On October 7, 2005, I did a post on Judge John Koeltl's fine opinion in New York Mercantile Exchange, Inc. v. Intercontinental Exchange, Inc. Judge Koeltl granted defendant's motion for summary judgment finding that settlement prices for NYMEX open positions were not protectible. Yesterday, the Second Circuit affirmed in an opinion by Judge Katzmann, with a concurring opinion by Judge Hall. Judge Katzmann's opinion is pretty much a by-the-numbers opinion (pun intended), but there were sparks between the two opinions on the threshold standard for protection and the originality of the prices at issue.
As I noted in the original posting, NYMEX's claim was for the individual prices, and not in the compilation of them. One might wonder how NYMEX got a registration for prices. The answer is it didn't. The Copyright Office repeatedly refused registration for the prices and NYMEX then (in my opinion) misused the registration process to get into court with a registration. The Office submitted a very helpful brief to Judge Koeltl. I confess to being baffled by why NYMEX every thought it had a claim for such clearly unprotectible material. To me, it matters not if NYMEX exercised judgment in setting a price, the price was still that price and that was a fact. Moreover, the individual price itself not remotely the type of work protected by copyright.
In rejecting plaintiff's claim, Judge Katzmann's opinion evidences some tsouris about drawing the line between discovery and creation -- did NYMEX "author" the prices" or did it discover them? That is a line that has no relevance here: NYMEX's claim was in individual discrete items that could not rise to the level of originality even if it had given them a fanciful name like googa-geeba.
Judge Kaztmann was, I suspect, perfectly happy to decide the case on the solid ground of lack of originality, but didn't, opting instead for what he thought the safer ground of merger. I think safer here relates not to the merits, but to the fact that he avoided a dissent by Judge Hall since while Judge Hall disagreed on the originality issue, he too rejected the claim on merger grounds. Politics aside, I find the merger argument the weakest. In Arica Institute, Inc. v. Palmer, the Second Circuit stated that the roots of the merger doctrine “can be found in cases such as Baker v. Selden.” That seems inaccurate since Baker neither used the term nor were issues commonly associated with the concept raised: Defendant's forms in Baker were concededly not substantially similar to plaintiff's and hence there was more than one way to express the idea. Plaintiff's claim was instead that copyright in his book gave him a monopoly over the system of bookkeeping discussed therein. (See Pam Samuleson's article discussed in yesterday's blog for more on this point).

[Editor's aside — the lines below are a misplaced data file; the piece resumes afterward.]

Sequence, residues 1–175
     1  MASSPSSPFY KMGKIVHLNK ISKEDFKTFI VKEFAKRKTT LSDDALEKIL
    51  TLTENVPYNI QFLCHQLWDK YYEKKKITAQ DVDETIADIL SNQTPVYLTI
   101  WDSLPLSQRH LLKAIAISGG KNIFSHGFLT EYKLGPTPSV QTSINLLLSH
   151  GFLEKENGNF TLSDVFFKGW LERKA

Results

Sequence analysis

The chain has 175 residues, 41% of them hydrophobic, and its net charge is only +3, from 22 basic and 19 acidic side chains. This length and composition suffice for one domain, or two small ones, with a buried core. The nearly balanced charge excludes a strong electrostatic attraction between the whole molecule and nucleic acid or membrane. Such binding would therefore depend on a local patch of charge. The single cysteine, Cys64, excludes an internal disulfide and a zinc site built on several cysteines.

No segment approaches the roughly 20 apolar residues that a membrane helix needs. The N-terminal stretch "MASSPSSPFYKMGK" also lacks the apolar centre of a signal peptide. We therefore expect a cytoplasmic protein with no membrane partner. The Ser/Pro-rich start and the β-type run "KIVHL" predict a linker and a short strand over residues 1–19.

The merger doctrine has been explained by language like, "When the 'idea' and its expression are … inseparable, copying the 'expression' will not be barred, since protecting the expression' in such circumstances would confer a monopoly of the 'idea' upon the copyright owner free of the conditions and limitations imposed by the patent law." Subsequent courts have expanded the doctrine's reach, finding it applicable when there are a number of ways to express a particular idea, and yesterday's Second Circuit opinion follows this trend.
The doctrine is, however, based on a faulty premise: If an idea and its alleged expression are truly inseparable, there can be no selectivity sufficient to permit originality. This is also true if there are only a limited number of ways to “express” the idea. Such a conclusion is, in reality, a statement that the purported copyright owner's way of expressing the idea contains only a de minimis number of non-ideas. So understood, merger is merely a judgment that there is a lack of originality and thus, like the idea-expression dichotomy, merger merely reflects a judgment about where on the continuum of expression the work at hand lies. The prices asserted by NYMEX fall off the spectrum completely.